Large Scale Institutional Changes: Land Demarcation Within the British Empire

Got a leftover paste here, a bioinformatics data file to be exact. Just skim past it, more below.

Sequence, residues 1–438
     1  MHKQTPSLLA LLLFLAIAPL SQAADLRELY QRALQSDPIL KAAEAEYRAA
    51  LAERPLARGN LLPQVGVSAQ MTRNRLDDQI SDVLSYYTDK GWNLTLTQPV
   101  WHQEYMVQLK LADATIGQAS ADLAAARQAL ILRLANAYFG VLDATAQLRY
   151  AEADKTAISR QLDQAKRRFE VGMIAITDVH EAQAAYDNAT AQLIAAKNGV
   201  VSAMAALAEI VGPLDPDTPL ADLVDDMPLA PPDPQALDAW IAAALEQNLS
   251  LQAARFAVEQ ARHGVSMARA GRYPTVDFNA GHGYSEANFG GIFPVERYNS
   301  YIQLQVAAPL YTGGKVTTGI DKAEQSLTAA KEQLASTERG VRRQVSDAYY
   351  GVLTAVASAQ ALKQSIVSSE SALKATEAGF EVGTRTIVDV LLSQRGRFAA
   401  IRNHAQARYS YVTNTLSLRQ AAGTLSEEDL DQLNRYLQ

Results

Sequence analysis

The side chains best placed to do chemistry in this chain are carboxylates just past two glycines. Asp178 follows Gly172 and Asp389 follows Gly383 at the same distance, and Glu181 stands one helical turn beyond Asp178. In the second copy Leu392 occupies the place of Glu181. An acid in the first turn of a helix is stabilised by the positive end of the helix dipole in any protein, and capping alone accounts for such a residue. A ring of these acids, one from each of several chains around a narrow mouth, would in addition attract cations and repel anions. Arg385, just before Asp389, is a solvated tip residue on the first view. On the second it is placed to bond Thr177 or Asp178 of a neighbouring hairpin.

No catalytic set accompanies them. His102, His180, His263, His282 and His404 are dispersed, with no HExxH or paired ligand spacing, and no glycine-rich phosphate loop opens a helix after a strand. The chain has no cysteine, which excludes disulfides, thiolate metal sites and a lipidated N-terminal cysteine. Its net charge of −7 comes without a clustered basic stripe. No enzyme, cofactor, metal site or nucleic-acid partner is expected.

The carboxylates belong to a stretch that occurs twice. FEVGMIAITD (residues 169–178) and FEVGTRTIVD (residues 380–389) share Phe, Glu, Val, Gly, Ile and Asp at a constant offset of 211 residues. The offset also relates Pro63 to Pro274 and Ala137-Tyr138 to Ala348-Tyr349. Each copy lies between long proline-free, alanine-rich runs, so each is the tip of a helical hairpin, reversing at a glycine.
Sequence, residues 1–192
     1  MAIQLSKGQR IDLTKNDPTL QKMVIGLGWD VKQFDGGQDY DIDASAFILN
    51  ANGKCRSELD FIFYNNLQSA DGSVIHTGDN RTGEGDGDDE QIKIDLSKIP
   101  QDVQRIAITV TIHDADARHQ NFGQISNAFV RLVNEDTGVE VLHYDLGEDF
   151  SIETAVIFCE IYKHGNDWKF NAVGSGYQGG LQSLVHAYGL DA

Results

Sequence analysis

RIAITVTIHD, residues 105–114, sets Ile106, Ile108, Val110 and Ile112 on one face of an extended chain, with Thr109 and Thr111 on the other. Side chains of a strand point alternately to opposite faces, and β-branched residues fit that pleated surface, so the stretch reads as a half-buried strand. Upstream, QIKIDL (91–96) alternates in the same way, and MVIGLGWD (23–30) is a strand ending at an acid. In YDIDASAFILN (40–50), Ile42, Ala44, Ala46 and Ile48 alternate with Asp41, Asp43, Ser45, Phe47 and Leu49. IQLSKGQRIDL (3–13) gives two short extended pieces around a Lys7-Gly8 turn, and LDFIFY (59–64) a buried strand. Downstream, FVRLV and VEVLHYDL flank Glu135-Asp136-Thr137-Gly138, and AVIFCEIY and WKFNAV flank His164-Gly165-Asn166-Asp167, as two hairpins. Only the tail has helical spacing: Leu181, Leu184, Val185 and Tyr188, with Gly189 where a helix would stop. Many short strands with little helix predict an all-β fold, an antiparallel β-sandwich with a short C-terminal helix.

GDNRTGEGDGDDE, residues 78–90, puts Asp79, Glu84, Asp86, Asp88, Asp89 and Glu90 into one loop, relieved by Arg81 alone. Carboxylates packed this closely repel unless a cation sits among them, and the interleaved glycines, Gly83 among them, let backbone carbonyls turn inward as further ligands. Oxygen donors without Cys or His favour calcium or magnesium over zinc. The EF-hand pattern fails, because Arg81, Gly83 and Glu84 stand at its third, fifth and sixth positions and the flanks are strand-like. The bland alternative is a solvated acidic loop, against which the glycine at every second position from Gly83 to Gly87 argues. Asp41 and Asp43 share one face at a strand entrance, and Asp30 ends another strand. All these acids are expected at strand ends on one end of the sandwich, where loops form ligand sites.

This paper examines the economics of large scale institutional change by studying the adoption of the land demarcation practices within the British Empire during the 17th through 19th Centuries. The advantages of systematic, coordinated demarcation, such as with the rectangular survey, relative to individualized, haphazard demarcation, such as with metes and bounds, for reducing transaction costs were understood by this time and incorporated into British colonial policy. Still, there was considerable variation in the institutions adopted even though that the regions had similar legal structures and immigrant populations. We study the determinants of institutional change by developing an analytical framework, deriving testable implications, and then analyzing a data set that includes U.S., Canadian, Australian, and New Zealand temperate colonies using GIS data. We find that a simple framework that outlines the costs and benefits of implementing the demarcation systems can explain the different institutions that are observed. Once in place, these institutions persist, indicating a strong institutional path dependence that can influence transaction costs, the extent of land markets, and the nature of resource use. The agricultural land institutions that we examine remain in force today, in some cases over 300 years later. In this regard, institutions of land are durable, much as are other institutions, such as language and law.